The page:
Visitors to the USA, and more specifically New York, will be familiar with the local love of hot dogs. Lists of the best hot dogs to try in New York are all over the web so either do your research first or wing it but either way, leaving the city without having one is not an option.

Taiwan – Fried chicken

While most people may think of fried chicken as the domain of Colonel Sanders, Taiwan has its own unique take on it that can be found in food markets all over the country. The chicken is often cut into small pieces, battered, deep fried and then seasoned with salt, pepper and chilli powder to make a delicious snack that is best washed down with bubble tea.  

Japan – Takoyaki

For those travelling around the exotic island of Japan, takoyaki is a local street delicacy that should be on the must-try list. The dish is made of small balls of batter filled with meat or seafood which are cooked and then covered in takoyaki sauce and mayonnaise. You can grab a sample from almost anywhere, including supermarkets and convenience stores, for less than AUD $1.   

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If you have a joint bank account with somebody who has died, you will generally be entitled to all the money in the account. Again, you might have to provide proof of death if you want to change the bank account from a joint account to a one-person account.

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Can foreigners open bank account in Australia?

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Once you’ve found a bank account that suits your needs, you can start the application process.

When you apply for the account, you’ll need to provide proof of ID which may include your passport, overseas ID or credit card. You may also need to provide a copy of your visa and proof of address in Australia.

Depending on the bank and the type of account you choose, you may be able to apply for the account online or over the phone before you arrive in Australia.

How do I close my bank account online?

You can usually easily open a bank account online, but you often can’t close it online.

Many banks and credit unions will only let you close an account if you go into a branch or call them on the phone.

However, some banks will let you request to close the account via your internet banking. Check your financial provider’s website for details.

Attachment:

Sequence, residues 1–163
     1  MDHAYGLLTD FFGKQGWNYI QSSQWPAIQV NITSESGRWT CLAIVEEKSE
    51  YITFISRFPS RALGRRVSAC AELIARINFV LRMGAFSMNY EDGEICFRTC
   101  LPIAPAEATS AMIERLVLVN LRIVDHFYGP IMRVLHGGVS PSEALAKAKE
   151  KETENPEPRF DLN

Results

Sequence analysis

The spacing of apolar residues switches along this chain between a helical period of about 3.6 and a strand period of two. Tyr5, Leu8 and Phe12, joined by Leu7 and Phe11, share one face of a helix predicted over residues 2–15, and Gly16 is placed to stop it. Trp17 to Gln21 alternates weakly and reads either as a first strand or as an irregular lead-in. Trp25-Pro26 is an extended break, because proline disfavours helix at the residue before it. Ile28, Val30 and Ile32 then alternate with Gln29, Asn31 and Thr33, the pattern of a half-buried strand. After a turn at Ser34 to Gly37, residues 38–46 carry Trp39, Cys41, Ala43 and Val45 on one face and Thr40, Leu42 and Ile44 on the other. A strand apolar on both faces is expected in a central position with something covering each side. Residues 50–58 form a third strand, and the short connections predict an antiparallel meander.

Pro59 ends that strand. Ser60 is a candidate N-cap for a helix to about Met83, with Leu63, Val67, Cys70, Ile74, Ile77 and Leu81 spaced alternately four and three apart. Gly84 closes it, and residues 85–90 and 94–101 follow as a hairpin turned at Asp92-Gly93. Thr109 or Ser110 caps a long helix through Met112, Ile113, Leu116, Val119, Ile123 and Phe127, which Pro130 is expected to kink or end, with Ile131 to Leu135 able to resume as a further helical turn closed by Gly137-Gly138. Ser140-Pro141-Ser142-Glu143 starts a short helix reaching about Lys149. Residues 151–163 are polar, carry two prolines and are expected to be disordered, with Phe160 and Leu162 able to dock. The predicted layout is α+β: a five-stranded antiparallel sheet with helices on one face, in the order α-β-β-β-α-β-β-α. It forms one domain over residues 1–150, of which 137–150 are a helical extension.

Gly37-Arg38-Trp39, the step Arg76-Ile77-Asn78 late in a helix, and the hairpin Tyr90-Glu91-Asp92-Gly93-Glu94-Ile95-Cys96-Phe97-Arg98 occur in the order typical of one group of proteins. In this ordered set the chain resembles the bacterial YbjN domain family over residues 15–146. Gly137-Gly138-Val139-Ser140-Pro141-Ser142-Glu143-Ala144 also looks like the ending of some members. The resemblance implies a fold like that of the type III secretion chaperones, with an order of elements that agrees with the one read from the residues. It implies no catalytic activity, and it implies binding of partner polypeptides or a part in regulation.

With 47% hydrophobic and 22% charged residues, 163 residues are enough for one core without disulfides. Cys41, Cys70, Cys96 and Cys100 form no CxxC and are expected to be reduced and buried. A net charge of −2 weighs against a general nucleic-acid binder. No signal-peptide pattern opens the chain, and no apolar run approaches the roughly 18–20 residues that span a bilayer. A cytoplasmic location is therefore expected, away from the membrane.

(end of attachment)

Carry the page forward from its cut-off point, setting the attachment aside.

Just remember: If you still have funds in the bank account, transfer them to another account, or withdraw the cash. Also, if you have any payments like direct debits going in or out of the bank account, these will also stop when you close your account.

What do I need to open bank accounts online?

Opening a bank account online is a simple process and only takes between five to 10 minutes to complete. To get started you will need a computer or smartphone with internet access.

Information to have available when you’re ready to apply is:

  • Identification (such as driver’s licence, birth certificate, passport, proof-of-age card)
  • Tax file number
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In some cases, you might be asked to provide employment details. If you’re not able to verify your identity online, most financial institutions let you provide this in the branch at a later date.

There are some types of bank account that you can apply for only in a branch. However, most bank accounts can be applied for conveniently online.

How do I overdraw my Commonwealth Bank account?

Overdrawing a bank account can happen by accident. It’s often hard to know what your balance is, particularly with direct debits, scheduled repayments and pending transactions competing for cash.

To avoid being stuck with a bank fee every time your account is overdrawn, you can apply for a personal overdraft. This will enable you to overdraw your account up to an approved amount.

A personal overdraft is connected to your CommBank Everyday Account, so you can enjoy easy access to extra funds once approved – anywhere from $100 up to $20,000.

Your overdraft funds can be accessed via your CommBank keycard or Debit MasterCard, or online through NetBank and the CommBank app.